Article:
Mr. McCourt won the Pulitzer Prize for his memoir " Angela's Ashes", but more importantly (to me, anyway), about two decades previous to his receiving literary accolades, he was my high school English teacher. I had him for two semesters, once in my sophomore year, and then again as a senior.
To say that his classes were a little offbeat would be a serious understatement. More often than not, Mr. McCourt, sporting bloodshot eyes and the faintest whiff of last night's pub, would conduct a monologue about the vicissitudes of life and the various lessons he had or hadn't learned from them, in his always witty and heartfelt Irish brogue. He'd go on little tirades about how his bankrupt brother could get credit cards but he couldn't, or how the historically recent notion of "falling in love", with its likening of romantic attachment to some cosmic dog shit that one accidentally steps in, has led human beings to plumb the depths of misery...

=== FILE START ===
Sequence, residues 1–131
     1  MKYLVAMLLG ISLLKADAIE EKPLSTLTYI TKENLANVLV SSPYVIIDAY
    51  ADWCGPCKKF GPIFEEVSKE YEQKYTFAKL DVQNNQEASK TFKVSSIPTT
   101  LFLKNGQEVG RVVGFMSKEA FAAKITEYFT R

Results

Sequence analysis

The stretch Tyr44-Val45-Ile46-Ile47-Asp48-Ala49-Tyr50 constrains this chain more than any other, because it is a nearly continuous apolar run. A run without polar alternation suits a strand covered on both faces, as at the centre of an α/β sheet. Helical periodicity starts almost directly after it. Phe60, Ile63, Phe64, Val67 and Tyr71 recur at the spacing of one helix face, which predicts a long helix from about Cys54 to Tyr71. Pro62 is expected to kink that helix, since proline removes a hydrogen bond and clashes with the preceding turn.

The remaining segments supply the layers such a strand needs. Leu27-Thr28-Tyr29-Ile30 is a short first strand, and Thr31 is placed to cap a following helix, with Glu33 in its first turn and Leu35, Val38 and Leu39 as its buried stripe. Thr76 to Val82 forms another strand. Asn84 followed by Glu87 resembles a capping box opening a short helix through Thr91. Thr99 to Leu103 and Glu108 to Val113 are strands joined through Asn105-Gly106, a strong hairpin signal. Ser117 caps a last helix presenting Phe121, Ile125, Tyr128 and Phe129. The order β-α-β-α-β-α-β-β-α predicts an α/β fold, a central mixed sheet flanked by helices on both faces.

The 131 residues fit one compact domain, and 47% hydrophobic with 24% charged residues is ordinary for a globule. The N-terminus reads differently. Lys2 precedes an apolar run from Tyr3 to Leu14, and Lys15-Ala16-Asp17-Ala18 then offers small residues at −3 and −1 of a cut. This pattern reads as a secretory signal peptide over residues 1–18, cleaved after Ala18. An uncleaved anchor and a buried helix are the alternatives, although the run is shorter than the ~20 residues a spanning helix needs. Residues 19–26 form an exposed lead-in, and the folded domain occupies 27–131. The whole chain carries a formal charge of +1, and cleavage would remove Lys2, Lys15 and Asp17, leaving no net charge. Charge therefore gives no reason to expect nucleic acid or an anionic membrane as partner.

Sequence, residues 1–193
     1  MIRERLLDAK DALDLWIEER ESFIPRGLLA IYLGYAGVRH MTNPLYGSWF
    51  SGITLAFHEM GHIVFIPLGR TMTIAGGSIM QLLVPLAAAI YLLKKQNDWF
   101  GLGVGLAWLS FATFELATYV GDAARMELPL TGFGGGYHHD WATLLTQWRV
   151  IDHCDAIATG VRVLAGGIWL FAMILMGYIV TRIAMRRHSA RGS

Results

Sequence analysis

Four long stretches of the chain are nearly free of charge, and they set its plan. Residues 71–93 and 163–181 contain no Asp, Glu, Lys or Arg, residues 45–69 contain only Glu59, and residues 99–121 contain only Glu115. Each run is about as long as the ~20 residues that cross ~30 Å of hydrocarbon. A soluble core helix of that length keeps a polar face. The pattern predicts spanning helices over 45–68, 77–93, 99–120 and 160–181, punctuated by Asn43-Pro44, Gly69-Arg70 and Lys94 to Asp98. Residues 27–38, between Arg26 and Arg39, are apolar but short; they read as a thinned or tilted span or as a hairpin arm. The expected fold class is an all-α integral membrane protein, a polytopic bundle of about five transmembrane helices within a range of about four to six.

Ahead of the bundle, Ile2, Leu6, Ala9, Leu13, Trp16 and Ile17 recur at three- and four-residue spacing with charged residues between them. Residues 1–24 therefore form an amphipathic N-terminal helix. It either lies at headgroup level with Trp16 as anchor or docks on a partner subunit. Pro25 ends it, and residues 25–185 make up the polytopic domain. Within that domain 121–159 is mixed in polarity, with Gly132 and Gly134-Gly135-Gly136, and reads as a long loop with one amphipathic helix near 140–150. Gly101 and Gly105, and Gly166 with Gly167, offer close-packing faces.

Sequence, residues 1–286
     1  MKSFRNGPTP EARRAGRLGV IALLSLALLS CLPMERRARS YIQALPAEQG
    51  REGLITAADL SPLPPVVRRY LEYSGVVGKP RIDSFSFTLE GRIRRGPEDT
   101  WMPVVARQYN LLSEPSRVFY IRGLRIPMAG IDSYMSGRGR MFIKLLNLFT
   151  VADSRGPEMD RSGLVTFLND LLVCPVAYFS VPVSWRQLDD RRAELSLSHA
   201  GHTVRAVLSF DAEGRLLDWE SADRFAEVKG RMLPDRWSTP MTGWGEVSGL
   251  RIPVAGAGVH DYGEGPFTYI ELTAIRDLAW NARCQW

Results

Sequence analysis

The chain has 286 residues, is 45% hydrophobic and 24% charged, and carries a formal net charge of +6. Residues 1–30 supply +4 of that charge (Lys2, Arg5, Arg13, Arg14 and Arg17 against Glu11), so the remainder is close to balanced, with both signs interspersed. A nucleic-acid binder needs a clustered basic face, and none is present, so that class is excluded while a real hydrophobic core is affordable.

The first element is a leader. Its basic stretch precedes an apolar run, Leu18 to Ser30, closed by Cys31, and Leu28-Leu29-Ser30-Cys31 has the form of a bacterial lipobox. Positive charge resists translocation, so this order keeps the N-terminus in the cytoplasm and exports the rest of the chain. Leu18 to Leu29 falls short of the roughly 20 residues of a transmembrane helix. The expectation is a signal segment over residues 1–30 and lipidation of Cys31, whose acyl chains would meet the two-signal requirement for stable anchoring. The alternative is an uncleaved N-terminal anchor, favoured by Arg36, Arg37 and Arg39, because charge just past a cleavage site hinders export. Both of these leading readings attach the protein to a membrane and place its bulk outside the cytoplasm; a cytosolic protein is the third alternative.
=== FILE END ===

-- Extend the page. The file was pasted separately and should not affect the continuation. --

When the class's attentions actually did turn to the study of English, we would often read Mimi Sheraton's restaurant reviews in the New York Times, the prose of which could transport Mr. McCourt to a state of rapturous joy. It wasn't until I read Angela's Ashes nearly 20 years later, that I understood his fixation on Ms. Sheraton's columns. He'd grown up quite literally starving, and the eloquent superlatives lavished on edibles by Mimi Sheraton must have put words to his own lifelong fascination with food.
When I mentally time travel back to high school, I often find myself sitting in Frank McCourt's classroom.